Remember “Trudy,” the co-host/bandleader/bimbo du jour on Rothstein’s television show “Aces High?” “Trudy” was played an actress named Claudia Haro who at the time just so happened to be married to Joe Pesci. Unlike Smothers, we know exactly how she got that role.
But what most don’t know is that after she divorced Pesci, Haro remarried, this time to a stuntman. Apparently that marriage didn’t work either because she was convicted in 2000 for hiring a hitman to kill her husband.
8 ) To make up for that, there was an honest-to-goodness cop in this movie
You’ve got to love a cop who has his own IMDB page. That’s right…Officer Sunglasses was a real Las Vegas Metro Police officer named Randy Sutton. Not only does he have his own IMDB page, “Casino” is not his only film credit. On top of that, he’s been in a crap-load of episodes of the long-running TV series “Cops.” If that weren’t enough, you can book Lieutenant Sutton to an appearance as a motivational speaker.
9) Even Frank Rosenthal hated this movie
Rosenthal is the real-life figure upon which Deniro’s “Ace” is based. When asked about the final cut of “casino,” Rosenthal took particular with several aspects of the move. One reason is that in the movie, “Ace” is shown repeating instructions to employees at least twice. Rosenthal insists he only told people things once; “that’s all I needed.” But what really seemed to frost Frank Rosenthal about this movie was the depiction of his television show. In particular, it was the “Juggling” scene that pissed off Rosenthal.
“I never juggled on ‘The Frank Rosenthal Show.’ I resent that scene. It makes me look foolish.”
Rosenthal went on to say that the scene where he insisted on doing that show so he would “have a platform” was completely false. Rather, Rosenthal said he only did the show at the request of the Stardust Hotel’s chairman of the board so the public might see him as a decent guy and not the mobster being portrayed by the media.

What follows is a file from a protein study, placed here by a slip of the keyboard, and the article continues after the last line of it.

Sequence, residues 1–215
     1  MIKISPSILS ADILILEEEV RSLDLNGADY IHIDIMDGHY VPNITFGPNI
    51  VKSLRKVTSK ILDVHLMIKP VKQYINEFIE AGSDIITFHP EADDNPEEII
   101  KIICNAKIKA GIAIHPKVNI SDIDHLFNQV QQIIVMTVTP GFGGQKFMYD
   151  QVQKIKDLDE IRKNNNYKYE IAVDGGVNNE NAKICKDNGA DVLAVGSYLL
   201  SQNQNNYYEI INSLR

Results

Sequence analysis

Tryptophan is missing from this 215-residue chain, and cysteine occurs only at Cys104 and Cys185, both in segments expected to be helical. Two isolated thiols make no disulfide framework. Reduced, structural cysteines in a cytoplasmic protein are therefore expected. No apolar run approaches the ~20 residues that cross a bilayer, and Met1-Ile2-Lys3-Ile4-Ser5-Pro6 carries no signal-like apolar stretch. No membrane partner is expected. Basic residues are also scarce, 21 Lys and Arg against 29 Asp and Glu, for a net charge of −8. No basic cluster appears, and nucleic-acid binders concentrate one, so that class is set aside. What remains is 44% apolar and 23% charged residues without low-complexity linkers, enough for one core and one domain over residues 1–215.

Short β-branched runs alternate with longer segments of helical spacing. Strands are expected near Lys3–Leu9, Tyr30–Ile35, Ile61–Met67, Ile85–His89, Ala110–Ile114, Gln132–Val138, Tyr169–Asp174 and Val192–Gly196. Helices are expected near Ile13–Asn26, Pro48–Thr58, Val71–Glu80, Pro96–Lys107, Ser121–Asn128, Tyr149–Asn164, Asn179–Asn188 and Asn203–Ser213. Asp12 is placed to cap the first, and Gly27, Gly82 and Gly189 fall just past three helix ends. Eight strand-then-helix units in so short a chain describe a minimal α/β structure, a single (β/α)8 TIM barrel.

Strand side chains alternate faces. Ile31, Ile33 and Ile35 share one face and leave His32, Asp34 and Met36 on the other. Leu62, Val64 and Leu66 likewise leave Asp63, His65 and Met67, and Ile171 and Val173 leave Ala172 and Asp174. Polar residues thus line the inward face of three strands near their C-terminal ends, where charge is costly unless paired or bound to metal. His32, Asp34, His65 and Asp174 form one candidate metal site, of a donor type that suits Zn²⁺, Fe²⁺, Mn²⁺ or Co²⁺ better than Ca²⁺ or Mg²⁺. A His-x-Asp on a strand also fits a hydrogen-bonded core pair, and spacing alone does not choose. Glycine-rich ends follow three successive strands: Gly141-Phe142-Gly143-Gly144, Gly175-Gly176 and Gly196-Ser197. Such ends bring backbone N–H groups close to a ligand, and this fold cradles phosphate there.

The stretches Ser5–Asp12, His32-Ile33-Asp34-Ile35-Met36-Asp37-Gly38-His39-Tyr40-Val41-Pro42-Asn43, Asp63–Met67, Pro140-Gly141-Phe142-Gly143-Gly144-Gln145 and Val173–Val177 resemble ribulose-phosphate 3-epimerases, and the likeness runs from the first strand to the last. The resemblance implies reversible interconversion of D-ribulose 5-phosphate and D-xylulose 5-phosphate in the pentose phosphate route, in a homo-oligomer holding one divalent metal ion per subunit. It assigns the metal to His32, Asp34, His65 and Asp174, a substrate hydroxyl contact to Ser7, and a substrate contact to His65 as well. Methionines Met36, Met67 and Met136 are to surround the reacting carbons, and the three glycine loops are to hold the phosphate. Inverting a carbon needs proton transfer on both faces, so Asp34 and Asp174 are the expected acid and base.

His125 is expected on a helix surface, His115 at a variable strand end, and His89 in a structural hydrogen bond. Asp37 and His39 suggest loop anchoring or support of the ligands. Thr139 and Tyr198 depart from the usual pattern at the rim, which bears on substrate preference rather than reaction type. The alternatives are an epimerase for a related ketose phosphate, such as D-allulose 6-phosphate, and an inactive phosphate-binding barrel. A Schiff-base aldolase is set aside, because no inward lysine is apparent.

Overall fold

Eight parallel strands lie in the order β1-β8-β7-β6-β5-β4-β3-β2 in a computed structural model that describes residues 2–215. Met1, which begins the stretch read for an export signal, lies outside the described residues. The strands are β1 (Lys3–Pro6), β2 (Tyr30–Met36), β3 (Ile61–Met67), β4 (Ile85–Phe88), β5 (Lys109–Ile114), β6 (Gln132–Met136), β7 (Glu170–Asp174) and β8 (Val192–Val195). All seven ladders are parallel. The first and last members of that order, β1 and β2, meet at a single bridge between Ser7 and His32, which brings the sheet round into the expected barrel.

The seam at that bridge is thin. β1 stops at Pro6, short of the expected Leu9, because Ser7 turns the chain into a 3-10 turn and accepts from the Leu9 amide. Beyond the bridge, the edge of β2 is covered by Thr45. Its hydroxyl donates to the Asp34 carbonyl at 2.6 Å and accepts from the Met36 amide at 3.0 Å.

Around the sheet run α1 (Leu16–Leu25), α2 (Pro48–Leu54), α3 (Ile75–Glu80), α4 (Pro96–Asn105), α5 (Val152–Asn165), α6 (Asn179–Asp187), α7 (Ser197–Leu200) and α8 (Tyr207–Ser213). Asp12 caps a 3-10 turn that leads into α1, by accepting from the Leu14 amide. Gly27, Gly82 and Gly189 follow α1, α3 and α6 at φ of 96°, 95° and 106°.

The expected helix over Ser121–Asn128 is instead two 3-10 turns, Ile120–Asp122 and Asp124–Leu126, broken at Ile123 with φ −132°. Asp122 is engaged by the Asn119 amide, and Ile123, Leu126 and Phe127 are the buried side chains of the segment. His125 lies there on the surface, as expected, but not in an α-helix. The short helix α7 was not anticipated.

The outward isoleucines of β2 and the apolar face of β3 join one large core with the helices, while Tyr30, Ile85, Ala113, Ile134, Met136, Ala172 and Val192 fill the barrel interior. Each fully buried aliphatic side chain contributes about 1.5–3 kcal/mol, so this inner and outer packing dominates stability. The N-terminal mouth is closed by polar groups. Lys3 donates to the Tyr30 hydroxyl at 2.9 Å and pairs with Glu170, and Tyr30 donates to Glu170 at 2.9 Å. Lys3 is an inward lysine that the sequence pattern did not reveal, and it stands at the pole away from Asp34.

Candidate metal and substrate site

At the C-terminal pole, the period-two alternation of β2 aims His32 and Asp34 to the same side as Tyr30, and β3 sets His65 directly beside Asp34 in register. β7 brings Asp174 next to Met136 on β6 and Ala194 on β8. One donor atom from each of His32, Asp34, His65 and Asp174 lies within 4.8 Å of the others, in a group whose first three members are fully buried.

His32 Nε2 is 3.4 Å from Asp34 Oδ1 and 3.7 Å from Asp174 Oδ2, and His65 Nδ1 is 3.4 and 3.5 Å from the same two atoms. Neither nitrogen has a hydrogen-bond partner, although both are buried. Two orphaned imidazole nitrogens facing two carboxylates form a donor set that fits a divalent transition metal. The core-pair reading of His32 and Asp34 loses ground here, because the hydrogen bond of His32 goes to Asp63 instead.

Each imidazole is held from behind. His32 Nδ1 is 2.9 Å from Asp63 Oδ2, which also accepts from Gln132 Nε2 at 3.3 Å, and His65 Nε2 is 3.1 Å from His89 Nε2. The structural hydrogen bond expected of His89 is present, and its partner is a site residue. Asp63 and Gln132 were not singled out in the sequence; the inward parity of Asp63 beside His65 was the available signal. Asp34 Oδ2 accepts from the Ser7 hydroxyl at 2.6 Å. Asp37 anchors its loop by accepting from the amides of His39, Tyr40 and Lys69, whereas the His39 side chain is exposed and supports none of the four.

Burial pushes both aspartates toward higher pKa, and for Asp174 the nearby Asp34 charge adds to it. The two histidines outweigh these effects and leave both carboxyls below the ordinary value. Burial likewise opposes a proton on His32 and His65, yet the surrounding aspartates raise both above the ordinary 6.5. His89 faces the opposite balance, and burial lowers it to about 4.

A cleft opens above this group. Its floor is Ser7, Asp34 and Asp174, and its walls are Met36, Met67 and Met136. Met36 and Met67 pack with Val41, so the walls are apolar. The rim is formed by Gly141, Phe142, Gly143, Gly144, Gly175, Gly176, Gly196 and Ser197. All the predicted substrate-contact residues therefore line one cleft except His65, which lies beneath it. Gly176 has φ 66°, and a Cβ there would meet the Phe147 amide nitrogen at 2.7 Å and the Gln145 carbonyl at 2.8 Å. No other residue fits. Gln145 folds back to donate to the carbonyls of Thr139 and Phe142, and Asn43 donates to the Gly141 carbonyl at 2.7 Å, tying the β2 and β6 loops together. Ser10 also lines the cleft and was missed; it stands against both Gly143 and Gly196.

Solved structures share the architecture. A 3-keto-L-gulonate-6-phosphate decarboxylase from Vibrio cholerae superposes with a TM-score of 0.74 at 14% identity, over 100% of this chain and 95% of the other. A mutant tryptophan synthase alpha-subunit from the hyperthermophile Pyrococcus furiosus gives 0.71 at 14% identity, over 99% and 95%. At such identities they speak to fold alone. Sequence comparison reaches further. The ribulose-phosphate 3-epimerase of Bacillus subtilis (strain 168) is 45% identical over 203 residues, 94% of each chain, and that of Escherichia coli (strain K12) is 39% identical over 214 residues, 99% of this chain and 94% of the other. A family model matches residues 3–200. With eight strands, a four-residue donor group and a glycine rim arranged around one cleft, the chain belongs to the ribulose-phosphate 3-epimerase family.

Love it or hate it, there’s really no arguing with Gene Siskel’s assessment. David spade boiled this movie down to two words, and so did Siskel.
You can see all the movies I hate here.
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Good argument, as it’s thorough and compelling! I’ve never seen this movie, so I guess I should consider myself lucky. Thanks for participating in the blogathon! I’ll add your name to the participant list right away. While reading your article, I noticed that the section about Joe Pesci’s character says “massages” when I think you meant to say “messages”. I just wanted to let you know about that.
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I haven’t seen this film, either, although I was impressed by the Look of the film in the Siskel & Ebert clip you posted. Still, your checklist of elements found in previous Scorsese movies made me laugh. I think I’ll skip this one, but I enjoyed your review very much.
I enjoyed Casino, even though I agree with Siskel that it brings nothing new to the Scorsese canon. But I certainly learned a lot with your article – like Officer Sunglasses being a real cop!